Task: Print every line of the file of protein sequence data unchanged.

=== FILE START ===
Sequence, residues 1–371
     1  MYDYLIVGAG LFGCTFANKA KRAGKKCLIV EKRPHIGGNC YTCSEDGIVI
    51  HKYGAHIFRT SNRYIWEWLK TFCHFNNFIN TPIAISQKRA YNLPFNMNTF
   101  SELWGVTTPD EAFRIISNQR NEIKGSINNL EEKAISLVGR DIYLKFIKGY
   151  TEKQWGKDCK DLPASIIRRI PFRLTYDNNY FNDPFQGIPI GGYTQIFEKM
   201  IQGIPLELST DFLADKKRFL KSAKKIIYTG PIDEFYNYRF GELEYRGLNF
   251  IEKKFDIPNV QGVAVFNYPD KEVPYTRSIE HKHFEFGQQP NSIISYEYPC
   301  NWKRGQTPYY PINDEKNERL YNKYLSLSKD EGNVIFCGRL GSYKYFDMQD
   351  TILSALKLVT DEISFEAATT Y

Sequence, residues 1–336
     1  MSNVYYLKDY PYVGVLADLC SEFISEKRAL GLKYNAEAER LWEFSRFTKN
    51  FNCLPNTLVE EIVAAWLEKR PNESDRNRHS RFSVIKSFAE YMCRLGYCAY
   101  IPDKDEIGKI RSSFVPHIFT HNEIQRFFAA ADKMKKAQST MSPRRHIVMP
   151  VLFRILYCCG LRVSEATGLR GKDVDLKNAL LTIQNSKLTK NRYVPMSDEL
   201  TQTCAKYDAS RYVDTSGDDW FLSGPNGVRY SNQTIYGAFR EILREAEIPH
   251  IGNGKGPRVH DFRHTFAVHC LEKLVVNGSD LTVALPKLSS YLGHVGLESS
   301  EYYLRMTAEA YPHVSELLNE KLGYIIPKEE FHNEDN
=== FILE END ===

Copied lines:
Sequence, residues 1–371
     1  MYDYLIVGAG LFGCTFANKA KRAGKKCLIV EKRPHIGGNC YTCSEDGIVI
    51  HKYGAHIFRT SNRYIWEWLK TFCHFNNFIN TPIAISQKRA YNLPFNMNTF
   101  SELWGVTTPD EAFRIISNQR NEIKGSINNL EEKAISLVGR DIYLKFIKGY
   151  TEKQWGKDCK DLPASIIRRI PFRLTYDNNY FNDPFQGIPI GGYTQIFEKM
   201  IQGIPLELST DFLADKKRFL KSAKKIIYTG PIDEFYNYRF GELEYRGLNF
   251  IEKKFDIPNV QGVAVFNYPD KEVPYTRSIE HKHFEFGQQP NSIISYEYPC
   301  NWKRGQTPYY PINDEKNERL YNKYLSLSKD EGNVIFCGRL GSYKYFDMQD
   351  TILSALKLVT DEISFEAATT Y

Sequence, residues 1–336
     1  MSNVYYLKDY PYVGVLADLC SEFISEKRAL GLKYNAEAER LWEFSRFTKN
    51  FNCLPNTLVE EIVAAWLEKR PNESDRNRHS RFSVIKSFAE YMCRLGYCAY
   101  IPDKDEIGKI RSSFVPHIFT HNEIQRFFAA ADKMKKAQST MSPRRHIVMP
   151  VLFRILYCCG LRVSEATGLR GKDVDLKNAL LTIQNSKLTK NRYVPMSDEL
   201  TQTCAKYDAS RYVDTSGDDW FLSGPNGVRY SNQTIYGAFR EILREAEIPH
   251  IGNGKGPRVH DFRHTFAVHC LEKLVVNGSD LTVALPKLSS YLGHVGLESS
   301  EYYLRMTAEA YPHVSELLNE KLGYIIPKEE FHNEDN